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Impairment of mixed melanin-based pigmentation in parrots

Parrots and allies (Order Psittaciformes) have evolved an exclusive capacity to synthesize polyene pigments called psittacofulvins at feather follicles, which allows them to produce a striking diversity of pigmentation phenotypes. Melanins are polymers constituting the most abundant pigments in animals, and the sulphurated form (pheomelanin) produces colors that are similar to those produced by psittacofulvins. However, the differential contribution of these pigments to psittaciform phenotypic diversity has not been investigated. Given the color redundancy, and physiological limitations associated to pheomelanin synthesis, this study assumed that the latter would be avoided by psittaciform birds. This hypothesis was tested by using Raman spectroscopy to identify pigments in feathers exhibiting colors suspicious of being produced by pheomelanin (i.e., dull red, yellow and grey- and green-brownish) in 26 species from the three main lineages of Psittaciformes. The non-sulphurated melanin form (eumelanin) were detected in black, grey and brown plumage patches, and psittacofulvins in red, yellow and green patches, but no evidence of pheomelanin was found. As natural melanins are assumed to be composed of eumelanin and pheomelanin in varying ratios, these results represent the first report of impairment of mixed melanin-based pigmentation in animals. Given that psittaciforms also avoid the uptake of circulating carotenoid pigments, these birds seem to have evolved a capacity to avoid functional redundancy between pigments, likely by regulating follicular gene expression. The study provides the first vibrational characterization of different psittacofulvin-based colors and thus helps to determine the relative polyene chain length in these pigments, which is related to their antireductant protection activity. informacion[at] Neves et al (2020) Impairment of mixed melanin-based pigmentation in parrots. J Experim Biol. DOI 10.1242/jeb.225912
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High livestock numbers have a negative influence on Canarian Egyptian vultures’ body condition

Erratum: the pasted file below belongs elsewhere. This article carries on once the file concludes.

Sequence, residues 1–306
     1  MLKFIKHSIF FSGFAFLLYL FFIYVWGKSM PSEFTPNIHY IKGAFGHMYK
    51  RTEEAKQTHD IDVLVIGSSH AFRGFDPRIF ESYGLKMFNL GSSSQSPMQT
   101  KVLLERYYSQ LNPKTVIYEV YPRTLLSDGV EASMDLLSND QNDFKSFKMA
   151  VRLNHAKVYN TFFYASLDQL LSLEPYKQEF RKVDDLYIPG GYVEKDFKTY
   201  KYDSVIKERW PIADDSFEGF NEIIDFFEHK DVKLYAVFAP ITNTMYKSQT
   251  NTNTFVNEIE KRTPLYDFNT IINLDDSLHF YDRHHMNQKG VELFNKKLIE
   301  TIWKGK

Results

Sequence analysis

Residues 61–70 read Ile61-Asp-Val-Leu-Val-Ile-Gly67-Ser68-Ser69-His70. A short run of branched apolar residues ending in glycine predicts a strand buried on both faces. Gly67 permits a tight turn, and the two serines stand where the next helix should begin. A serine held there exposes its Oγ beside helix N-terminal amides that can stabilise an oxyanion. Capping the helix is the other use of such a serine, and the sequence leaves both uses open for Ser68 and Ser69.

High livestock numbers have a negative influence on Canarian Egyptian vultures' body condition

Individual traits such as body mass can serve as early warning signals of changes in the fitness prospects of animal populations facing environmental impacts. Here, taking advantage of a 19?year monitoring, the question how individual, population and environmental factors modulate long?term changes in the body mass of Canarian Egyptian vultures was addressed. Individual vulture body mass increased when primary productivity was highly variable, but decreased in years with a high abundance of livestock. The hypothesis tested was that carcasses of wild animals, a natural food resource that can be essential for avian scavengers, could be more abundant in periods of weather instability (i.e. variation in primary productivity) but depleted when high livestock numbers lead to over?grazing. Results would also indicate that wild prey represents essential, but highly underestimated, resources, whose availability would affect vulture condition and fitness. In addition, increasing vulture population numbers also negatively affect body mass suggesting density?dependent competition for food. Interestingly, the relative strength of individual, population and resource availability factors on body mass changed with age and territorial status, a pattern presumably shaped by differences in competitive abilities and/or age?dependent environmental knowledge and foraging skills. This study supports that individual plastic traits may be extremely reliable tools to better understand the response of secondary consumers to current and future natural and human?induced environmental changes. Disentangling the complex relationships among ecosystem-level factors, population structure, and individual characteristics that determine animal body condition will help define management strategies for this and other ecologically similar endangered populations. informacion[at] Donázar et al (2020) Too much is bad: increasing numbers of livestock and conspecifics reduce body mass in an avian scavenger. Ecol Appl DOI 10.1002/eap.2125